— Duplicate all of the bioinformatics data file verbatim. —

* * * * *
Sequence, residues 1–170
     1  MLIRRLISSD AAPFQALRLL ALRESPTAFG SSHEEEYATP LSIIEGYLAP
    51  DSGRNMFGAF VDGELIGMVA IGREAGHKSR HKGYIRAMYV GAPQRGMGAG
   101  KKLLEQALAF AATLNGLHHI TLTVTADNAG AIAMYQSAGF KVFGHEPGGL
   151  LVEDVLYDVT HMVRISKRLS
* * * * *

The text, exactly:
Sequence, residues 1–170
     1  MLIRRLISSD AAPFQALRLL ALRESPTAFG SSHEEEYATP LSIIEGYLAP
    51  DSGRNMFGAF VDGELIGMVA IGREAGHKSR HKGYIRAMYV GAPQRGMGAG
   101  KKLLEQALAF AATLNGLHHI TLTVTADNAG AIAMYQSAGF KVFGHEPGGL
   151  LVEDVLYDVT HMVRISKRLS